Coping with other people’s reactions as a parent

Unwanted attention and having to cope with other people’s reactions is one of the biggest issues people with visible difference can face. As the parent of a child with a visible difference, this can also be challenging for you. How will other people react to them? Will they be bullied because of how they look? How will I feel if people stare or comment? How will your child cope? How you will cope? These are all common concerns that Changing Faces hears from parents.

Acknowledge how you are feeling. It is difficult being a parent, and natural to worry about this. It is ok not to feel ok sometimes. It is ok to wish you or your child didn’t have to manage other people’s reactions. It is ok to feel angry that other people can be unkind.

In this section, there are several documents to help you manage some of these issues as a parent.

In the children’s section of Coping with other people’s reactions there are also materials designed for you to work through with your children to help them to cope with challenges such as handling staring, questions or comments and various tools. One size does not fit all, but there are lots of different tips and practicing these with your child help you both find what works best.

Here are a few additional things that may be helpful to consider:

Children often look to adults for how to behave; so how you respond to unwanted attention may be something your child will follow. Your child may be listening to what you say when you respond to people and may copy your style or language. Use the words you are happy with your child both hearing said and using themselves. 

Of course, you can feel angry that someone has made a rude comment about your child, but it is how you manage this in the moment. If you respond in an angry way, it is likely your child will do this too. A polite, simple explanation that your child looks different, but they are fine, can be enough to stop any further attention. This can be difficult and you may feel the person does not deserve your polite approach; but this will help your child to see a calm way of dealing with the situation.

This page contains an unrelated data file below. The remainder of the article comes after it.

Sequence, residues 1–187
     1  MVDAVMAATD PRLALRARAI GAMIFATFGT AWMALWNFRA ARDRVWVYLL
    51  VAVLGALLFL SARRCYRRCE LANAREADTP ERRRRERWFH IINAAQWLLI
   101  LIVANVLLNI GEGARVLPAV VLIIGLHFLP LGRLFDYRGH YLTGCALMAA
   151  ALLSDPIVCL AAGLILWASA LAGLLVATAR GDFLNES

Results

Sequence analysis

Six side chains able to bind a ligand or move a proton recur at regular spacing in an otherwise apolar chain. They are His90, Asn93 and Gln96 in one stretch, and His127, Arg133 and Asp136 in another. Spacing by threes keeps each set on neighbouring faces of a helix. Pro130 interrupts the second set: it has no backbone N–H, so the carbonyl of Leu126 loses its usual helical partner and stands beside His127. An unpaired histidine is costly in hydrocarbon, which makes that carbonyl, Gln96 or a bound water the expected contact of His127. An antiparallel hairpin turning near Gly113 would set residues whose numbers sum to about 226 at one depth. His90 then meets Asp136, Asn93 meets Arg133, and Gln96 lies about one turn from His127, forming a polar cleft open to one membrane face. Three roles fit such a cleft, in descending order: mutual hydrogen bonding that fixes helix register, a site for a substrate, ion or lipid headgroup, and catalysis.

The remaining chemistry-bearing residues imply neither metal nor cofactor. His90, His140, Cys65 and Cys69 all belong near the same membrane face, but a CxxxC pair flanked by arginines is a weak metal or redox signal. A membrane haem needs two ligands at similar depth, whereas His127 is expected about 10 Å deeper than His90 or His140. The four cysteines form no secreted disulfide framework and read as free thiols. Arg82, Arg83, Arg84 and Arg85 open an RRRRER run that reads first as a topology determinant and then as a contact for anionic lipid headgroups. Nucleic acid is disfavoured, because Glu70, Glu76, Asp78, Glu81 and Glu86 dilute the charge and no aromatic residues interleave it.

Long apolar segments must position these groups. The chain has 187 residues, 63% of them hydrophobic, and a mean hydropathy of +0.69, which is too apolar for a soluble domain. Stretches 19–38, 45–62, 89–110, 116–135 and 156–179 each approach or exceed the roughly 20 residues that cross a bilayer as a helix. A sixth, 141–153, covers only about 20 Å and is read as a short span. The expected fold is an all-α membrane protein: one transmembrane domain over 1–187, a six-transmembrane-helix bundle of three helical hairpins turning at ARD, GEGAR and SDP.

Consider how much you say and how much of your child’s situation to share (and this may vary depending on who you are talking to). If your child is old enough, it is good to have a general  conversation with them about this – about how they want to respond, if there is anything they want you to say, or things they don’t want you to talk about. It is also good to check in with them later about what was said and how they felt about it at the time – discuss what worked for them and for you. 

It is also good to talk about how the unwanted attention made your child feel. If your child is upset or angry, this can be acknowledged and you can share your feelings about it too. For example, you might say something like, ‘Yes it is upsetting, I didn’t like it either, but some people are curious and it isn’t about you, it is about them’. This can help your child to be clear that the problem lies with others and not them.

‘What’s wrong with you?’ is often a difficult question children with a visible difference get from other children. This can feel hard for them and trying to navigate the negativity of the word ‘wrong’ can be tricky. Of course, nothing is ‘wrong’ about your child – they have a visible difference and simply look different to other children in some way due to their condition, mark or scar. Discussing this helps them to understand there is nothing ‘wrong’ with them, as well as finding the words to respond. Again, this is something you can model as a child when you are asked.

Speak to teachers or child care providers too – it can be helpful for them to know what helps to reassure your child if they have become upset about comments and ensures they feel comforted when they need it, in a consistent way.

How people might act


Handling comments


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